Really, I wasn’t trying to do that, as I don’t think that referring someone to a behavioral ‘syndrome’ explains much, at all; what I was doing was just letting you know what was coming to mind, as I’d read your first comment (above, July 30, 2013 at 8:22 am) …and was thinking about ‘Münchausen syndrome by proxy’ then, as some of what you were saying about your mom reminded me of some aspects of the most typical descriptions of that particular, presumed behavioral ‘syndrome’; but here, again, I emphasize (more strongly than before): People can demonstrate some aspects and not others, of any given, presumed behavioral ‘syndrome’.

      So, IMO, those ‘official’ descriptions of such presumed ‘syndromes’ should be seen for what they are: very limited — and, potentially, very misleading — blunt instruments.

      They can all too easily ‘clobber’ a person’s character, without explaining much at all; they can seem as though ‘the explanation’ for someone’s behaviors… while yet never really explaining their behaviors, in any meaningful way.

      So, at best, they’re conversation starters. They can be a way to begin reflecting, with someone whom we’ve never before spoken (I’d never spoken with you before), on what may or may not be happening in someone else’s (a third person’s) life, when that person is apparently behaving in ‘unexplainable’ ways; but, there are so many risks in starting conversations that way! — especially, the risk of getting stuck on the label…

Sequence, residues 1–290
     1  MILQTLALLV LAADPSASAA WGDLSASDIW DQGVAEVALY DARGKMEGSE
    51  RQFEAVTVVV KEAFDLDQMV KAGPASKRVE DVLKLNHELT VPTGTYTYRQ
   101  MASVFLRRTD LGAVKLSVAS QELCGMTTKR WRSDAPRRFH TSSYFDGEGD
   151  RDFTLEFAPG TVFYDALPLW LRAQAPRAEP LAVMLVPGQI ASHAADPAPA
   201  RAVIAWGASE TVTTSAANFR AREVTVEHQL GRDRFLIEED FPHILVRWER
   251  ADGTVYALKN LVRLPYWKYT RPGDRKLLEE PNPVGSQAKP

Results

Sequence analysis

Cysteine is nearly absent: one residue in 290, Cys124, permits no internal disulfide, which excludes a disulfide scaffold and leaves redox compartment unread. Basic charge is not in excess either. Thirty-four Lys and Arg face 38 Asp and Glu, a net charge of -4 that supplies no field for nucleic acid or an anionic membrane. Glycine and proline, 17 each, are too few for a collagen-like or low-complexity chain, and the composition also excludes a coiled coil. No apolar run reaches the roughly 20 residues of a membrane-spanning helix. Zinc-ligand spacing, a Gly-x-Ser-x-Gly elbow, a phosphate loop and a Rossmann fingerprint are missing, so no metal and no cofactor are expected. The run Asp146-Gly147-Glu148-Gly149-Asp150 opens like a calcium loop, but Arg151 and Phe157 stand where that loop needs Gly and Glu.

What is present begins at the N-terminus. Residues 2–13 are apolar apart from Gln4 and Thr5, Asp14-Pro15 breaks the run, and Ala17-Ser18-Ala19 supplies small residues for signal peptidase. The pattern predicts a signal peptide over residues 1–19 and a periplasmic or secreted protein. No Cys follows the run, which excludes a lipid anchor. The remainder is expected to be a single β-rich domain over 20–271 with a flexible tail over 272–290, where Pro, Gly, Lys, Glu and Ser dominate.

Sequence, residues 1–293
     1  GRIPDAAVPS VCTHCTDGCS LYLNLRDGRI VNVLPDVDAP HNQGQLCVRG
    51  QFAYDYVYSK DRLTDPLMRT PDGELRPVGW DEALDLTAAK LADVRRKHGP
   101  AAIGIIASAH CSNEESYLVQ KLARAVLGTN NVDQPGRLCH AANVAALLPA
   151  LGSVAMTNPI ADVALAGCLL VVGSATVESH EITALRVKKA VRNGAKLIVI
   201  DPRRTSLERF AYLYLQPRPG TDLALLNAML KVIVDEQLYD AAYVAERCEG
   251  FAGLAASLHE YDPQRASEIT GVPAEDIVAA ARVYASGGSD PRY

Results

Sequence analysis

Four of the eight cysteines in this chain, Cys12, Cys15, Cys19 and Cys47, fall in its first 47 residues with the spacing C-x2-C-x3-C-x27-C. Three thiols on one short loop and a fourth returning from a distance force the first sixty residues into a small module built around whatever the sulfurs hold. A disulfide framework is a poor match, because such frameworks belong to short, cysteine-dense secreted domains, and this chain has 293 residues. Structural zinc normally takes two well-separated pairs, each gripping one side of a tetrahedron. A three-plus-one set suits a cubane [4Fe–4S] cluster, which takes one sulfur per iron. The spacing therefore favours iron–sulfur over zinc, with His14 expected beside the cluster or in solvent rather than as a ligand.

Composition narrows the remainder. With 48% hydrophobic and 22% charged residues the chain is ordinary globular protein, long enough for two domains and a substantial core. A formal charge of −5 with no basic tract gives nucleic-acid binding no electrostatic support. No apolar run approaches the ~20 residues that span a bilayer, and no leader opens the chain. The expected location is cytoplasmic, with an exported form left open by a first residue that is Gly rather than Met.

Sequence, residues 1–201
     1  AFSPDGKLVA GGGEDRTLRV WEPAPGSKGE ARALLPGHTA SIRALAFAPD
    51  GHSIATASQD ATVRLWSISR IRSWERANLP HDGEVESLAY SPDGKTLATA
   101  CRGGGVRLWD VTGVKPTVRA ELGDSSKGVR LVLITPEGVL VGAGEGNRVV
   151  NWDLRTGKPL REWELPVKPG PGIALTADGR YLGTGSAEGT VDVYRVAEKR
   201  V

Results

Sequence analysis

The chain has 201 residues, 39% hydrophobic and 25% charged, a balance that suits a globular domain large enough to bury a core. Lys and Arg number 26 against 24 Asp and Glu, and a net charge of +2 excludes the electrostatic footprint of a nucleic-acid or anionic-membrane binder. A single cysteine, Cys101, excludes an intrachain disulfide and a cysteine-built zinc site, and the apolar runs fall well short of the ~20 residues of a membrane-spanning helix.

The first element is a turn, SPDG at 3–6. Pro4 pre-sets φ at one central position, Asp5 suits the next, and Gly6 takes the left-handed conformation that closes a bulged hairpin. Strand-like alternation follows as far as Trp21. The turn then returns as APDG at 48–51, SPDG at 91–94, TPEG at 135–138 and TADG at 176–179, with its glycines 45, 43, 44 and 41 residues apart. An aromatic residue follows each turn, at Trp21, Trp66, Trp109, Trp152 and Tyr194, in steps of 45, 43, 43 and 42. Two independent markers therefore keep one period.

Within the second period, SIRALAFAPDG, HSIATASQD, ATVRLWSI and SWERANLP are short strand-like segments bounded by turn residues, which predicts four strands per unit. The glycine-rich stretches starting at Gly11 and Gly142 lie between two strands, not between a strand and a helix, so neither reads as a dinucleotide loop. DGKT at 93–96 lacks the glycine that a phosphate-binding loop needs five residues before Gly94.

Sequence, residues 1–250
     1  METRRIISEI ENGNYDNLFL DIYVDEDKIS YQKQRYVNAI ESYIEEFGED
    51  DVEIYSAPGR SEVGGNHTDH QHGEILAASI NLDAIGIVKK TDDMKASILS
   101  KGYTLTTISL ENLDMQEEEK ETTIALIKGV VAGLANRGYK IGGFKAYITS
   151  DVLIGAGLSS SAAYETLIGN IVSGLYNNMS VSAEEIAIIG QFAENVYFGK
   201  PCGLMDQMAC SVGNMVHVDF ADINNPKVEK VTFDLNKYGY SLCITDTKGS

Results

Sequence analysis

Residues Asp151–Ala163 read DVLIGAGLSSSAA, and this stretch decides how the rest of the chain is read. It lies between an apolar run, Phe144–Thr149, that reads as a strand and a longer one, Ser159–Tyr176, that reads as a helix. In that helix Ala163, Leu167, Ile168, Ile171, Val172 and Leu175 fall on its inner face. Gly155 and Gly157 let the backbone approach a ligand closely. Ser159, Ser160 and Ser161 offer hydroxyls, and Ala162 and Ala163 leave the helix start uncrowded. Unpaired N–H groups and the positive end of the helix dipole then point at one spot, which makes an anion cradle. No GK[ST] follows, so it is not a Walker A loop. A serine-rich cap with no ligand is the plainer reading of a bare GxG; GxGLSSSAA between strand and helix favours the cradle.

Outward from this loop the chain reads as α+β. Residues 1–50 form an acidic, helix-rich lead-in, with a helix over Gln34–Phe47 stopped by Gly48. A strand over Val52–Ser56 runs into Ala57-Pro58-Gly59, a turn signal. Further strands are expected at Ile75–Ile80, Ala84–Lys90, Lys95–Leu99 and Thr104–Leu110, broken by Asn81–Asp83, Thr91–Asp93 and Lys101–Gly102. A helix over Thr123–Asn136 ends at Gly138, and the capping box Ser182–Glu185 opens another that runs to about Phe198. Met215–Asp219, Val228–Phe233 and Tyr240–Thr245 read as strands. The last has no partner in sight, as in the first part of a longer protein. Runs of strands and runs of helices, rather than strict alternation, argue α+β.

Getting stuck on the label is *always* a mistake, IMO, as psych labels (even ‘just’ labels indicating ‘behavioral syndromes’) can do a *lot* of harm — considering how people can demonstrate certain described aspects of a presumed ‘syndrome’ and not other aspects… and considering that people are constantly changing their behaviors, at least somewhat.

      The labels can all too easily wind up being so very misleading; IMO, they should never be taken too seriously.

      And, in fact, to be honest, right now, I almost wish I hadn’t mentioned it.

      The only reason I did mention that label was, it was coming to mind, and I wasn’t filtering my thoughts as I wrote and posted my comment!

      (Did not sleep well last night… was a bit groggy this morning and wound up writing that comment, off the top of my head.)

      And, hey, guess what: here, now, again, as I did not manage to catch a nap today, and it’s getting late, I’m writing ‘unfiltered’ again… and shall mention what’s coming to mind, after reading your reply (which, by the way, I do appreciate very much).

      A few things are coming to mind…

      Two are Huffington Post articles, by Dr. Peter Breggin.

      1) “The Hazards of Psychiatric Diagnosis”:

      And, 2) “Our Psychiatric Civilization”:

      I am also thinking about Alice Miller’s book, The Truth Will Set You Free (2001).

      Maybe you know of it? (I see they have used copies at…)

      Though I’ve not looked at that book for years, I am thinking about that book and feeling I should recommend it to you.

      Maybe I should review it before recommending it, but first I’ll have to find my copy; will try to do that tomorrow…

      Now I’m off to sleep.